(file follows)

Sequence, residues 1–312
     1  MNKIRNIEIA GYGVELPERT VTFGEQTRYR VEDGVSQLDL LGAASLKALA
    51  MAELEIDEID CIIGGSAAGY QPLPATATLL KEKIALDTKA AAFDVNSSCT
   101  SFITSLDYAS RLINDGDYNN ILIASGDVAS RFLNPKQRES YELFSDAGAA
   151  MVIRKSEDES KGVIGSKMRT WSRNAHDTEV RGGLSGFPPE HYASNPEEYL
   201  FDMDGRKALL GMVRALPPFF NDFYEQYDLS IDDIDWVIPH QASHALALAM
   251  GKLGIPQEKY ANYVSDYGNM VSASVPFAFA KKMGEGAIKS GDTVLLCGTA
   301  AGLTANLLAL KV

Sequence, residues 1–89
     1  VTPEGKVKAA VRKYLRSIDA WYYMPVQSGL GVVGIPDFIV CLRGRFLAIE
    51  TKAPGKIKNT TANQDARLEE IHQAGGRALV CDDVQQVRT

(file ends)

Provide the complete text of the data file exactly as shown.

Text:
Sequence, residues 1–312
     1  MNKIRNIEIA GYGVELPERT VTFGEQTRYR VEDGVSQLDL LGAASLKALA
    51  MAELEIDEID CIIGGSAAGY QPLPATATLL KEKIALDTKA AAFDVNSSCT
   101  SFITSLDYAS RLINDGDYNN ILIASGDVAS RFLNPKQRES YELFSDAGAA
   151  MVIRKSEDES KGVIGSKMRT WSRNAHDTEV RGGLSGFPPE HYASNPEEYL
   201  FDMDGRKALL GMVRALPPFF NDFYEQYDLS IDDIDWVIPH QASHALALAM
   251  GKLGIPQEKY ANYVSDYGNM VSASVPFAFA KKMGEGAIKS GDTVLLCGTA
   301  AGLTANLLAL KV

Sequence, residues 1–89
     1  VTPEGKVKAA VRKYLRSIDA WYYMPVQSGL GVVGIPDFIV CLRGRFLAIE
    51  TKAPGKIKNT TANQDARLEE IHQAGGRALV CDDVQQVRT